Monday in the Last Week of Ordinary Time

The Nicene Creed

The Third Day

On the third day he rose again in accordance with the Scriptures

The Apostle Paul said it best, “If in Christ we have hope in this life only, we are of all people most to be pitied” (1 Corinthians 15:19).  It is the resurrection of our Lord and Savior that won the victory.  As much as we like to preach the cross (and we should—1 Corinthians 2:2), the cross would be entirely meaningless without the resurrection.  Moreover, it is his resurrection that ensures ours (1 Corinthians 15:17).

The Creed makes mention that he rose again “in accordance with the Scriptures,” meaning the Old Testament.  The writers of the Gospels were ever showing where Christ fulfilled prophecy, and the resurrection is no exception.  When Christ met two of his disciples after his resurrection, he chided them that they did not understand that the Christ must first suffer before “enter[ing] his glory.” And then “beginning with Moses and all the Prophets, he interpreted to them in all the Scriptures the things concerning himself” (Luke 24:25-27).  So let us rehearse some of these Old Testament passages which prophesied his resurrection.

1) Jesus himself referred to the Prophet Jonah as foreshadowing his resurrection, “For just as Jonah was three days and three nights in the belly of the great fish, so will the Son of Man be three days and three nights in the heart of the earth” (Matthew 12:38-42).  2) The Church always considered this word from Hosea 6:1-2 as prophesying the resurrection: “Come, let us return to the Lord; for He has torn us that He may heal us; He has struck us down, and He will bind us up.  After two days He will revive us; on the third day He will raise us up, that we may live before Him.”  3) Isaiah 53 does not only speak of our Lord’s passion, for “when his soul makes an offering for guilt, he shall see his offspring; he shall prolong his days; the will of the Lord shall prosper in his hand” (53:10).  4) The Apostle Peter was certain that David referred to the Messiah in Psalm 16:10 where he says, “You will not abandon my soul to Sheol, or let your holy one see corruption” (also Acts 2:22-36).  5) The Church has also considered the Prophet Ezekiel’s vision of the “Valley of Dry Bones” as an implicit prophecy of our Lord’s resurrection.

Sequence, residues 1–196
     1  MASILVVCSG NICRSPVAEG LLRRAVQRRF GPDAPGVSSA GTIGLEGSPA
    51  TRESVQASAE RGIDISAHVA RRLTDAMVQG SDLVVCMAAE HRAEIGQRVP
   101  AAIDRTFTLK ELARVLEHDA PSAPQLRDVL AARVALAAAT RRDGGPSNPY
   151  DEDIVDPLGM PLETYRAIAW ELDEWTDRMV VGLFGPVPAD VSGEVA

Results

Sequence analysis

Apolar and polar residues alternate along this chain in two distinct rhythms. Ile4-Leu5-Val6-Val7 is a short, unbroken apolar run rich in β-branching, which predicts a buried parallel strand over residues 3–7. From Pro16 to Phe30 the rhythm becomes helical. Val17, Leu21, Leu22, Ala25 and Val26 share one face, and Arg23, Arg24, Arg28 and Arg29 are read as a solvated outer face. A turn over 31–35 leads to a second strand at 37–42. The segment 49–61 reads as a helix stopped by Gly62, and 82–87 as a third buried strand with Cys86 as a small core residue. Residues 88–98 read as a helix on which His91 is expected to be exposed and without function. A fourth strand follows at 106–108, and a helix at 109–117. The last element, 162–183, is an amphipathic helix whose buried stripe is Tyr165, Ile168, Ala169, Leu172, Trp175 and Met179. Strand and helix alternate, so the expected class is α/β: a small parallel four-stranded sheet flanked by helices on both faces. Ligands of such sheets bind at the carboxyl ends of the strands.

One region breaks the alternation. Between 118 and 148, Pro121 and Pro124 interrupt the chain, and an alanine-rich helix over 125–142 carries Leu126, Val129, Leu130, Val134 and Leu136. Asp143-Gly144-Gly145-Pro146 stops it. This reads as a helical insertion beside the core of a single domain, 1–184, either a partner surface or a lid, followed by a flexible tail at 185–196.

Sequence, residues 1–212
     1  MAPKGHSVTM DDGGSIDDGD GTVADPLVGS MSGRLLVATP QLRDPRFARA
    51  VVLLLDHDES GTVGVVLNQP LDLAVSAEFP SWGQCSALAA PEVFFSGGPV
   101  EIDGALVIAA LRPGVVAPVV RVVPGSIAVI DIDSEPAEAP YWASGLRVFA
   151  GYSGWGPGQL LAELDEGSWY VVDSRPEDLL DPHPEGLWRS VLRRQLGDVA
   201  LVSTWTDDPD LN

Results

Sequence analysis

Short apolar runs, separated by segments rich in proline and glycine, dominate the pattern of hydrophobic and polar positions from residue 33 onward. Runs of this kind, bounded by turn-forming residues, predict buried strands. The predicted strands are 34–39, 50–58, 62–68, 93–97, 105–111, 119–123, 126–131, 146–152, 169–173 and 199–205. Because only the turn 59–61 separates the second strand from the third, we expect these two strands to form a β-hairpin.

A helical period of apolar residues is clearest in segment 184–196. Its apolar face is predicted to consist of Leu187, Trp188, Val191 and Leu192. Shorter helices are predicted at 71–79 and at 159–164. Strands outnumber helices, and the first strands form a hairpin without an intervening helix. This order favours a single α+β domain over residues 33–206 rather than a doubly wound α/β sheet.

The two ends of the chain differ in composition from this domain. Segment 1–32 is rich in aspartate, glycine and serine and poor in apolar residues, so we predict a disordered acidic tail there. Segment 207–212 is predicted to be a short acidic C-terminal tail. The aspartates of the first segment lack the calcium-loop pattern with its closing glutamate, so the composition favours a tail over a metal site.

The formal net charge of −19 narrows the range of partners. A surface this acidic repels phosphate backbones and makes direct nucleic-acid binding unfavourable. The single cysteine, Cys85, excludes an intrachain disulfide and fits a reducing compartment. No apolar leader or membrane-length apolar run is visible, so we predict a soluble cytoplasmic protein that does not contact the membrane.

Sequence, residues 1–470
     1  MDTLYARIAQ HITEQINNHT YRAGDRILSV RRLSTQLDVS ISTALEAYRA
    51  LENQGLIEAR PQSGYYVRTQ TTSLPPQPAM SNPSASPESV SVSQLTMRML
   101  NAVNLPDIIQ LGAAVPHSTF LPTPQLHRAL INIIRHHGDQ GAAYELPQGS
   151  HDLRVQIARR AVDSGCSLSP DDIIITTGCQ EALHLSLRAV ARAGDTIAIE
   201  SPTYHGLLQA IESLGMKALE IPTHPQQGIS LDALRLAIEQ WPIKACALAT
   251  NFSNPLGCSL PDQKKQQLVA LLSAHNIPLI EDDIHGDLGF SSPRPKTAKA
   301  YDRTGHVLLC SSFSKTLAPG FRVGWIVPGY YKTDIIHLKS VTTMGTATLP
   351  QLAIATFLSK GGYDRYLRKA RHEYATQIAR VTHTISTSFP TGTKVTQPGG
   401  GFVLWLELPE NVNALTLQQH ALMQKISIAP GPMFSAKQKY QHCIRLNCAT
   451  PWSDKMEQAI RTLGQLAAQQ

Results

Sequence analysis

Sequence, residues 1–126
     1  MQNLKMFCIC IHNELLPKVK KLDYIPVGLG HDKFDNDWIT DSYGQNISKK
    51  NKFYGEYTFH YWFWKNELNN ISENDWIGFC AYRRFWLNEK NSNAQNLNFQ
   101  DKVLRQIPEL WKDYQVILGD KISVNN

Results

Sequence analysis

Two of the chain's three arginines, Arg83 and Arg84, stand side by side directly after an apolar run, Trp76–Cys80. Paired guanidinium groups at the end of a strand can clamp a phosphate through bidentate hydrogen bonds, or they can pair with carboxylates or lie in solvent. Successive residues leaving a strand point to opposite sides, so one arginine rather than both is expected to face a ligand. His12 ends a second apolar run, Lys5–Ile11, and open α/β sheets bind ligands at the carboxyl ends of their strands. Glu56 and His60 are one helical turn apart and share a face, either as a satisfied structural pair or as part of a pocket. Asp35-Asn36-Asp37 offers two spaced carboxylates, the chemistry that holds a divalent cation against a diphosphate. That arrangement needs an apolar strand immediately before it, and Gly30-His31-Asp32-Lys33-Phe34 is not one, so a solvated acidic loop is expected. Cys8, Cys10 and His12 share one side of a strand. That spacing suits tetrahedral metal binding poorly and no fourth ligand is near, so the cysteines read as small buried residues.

These are just a few.  I would have loved to hear how all the Old Testament preaches the death and resurrection of our Savior on that road to Emmaus.  We must learn to see Christ on every page of the Bible; it’s all about him.


Something we must ever bear in mind is that until our Lord returns, he is the only one to have risen bodily from the dead.  This is the teaching of the New Testament.  Speaking of the order of those who will be resurrected, Paul writes, “Christ the firstfruits, then at his coming all who belong to Christ” (1 Corinthians 15:23).  And in another place, Paul writes, “The Lord himself will descend from heaven with a cry of command, with the voice of an archangel, and with the sound of the trumpet of God.  And the dead in Christ will rise first.  Then we who are alive, who are left, will be caught up together with them in the clouds to meet the Lord in the air, and so we will always be with the Lord” (1 Thessalonians 4:16-17).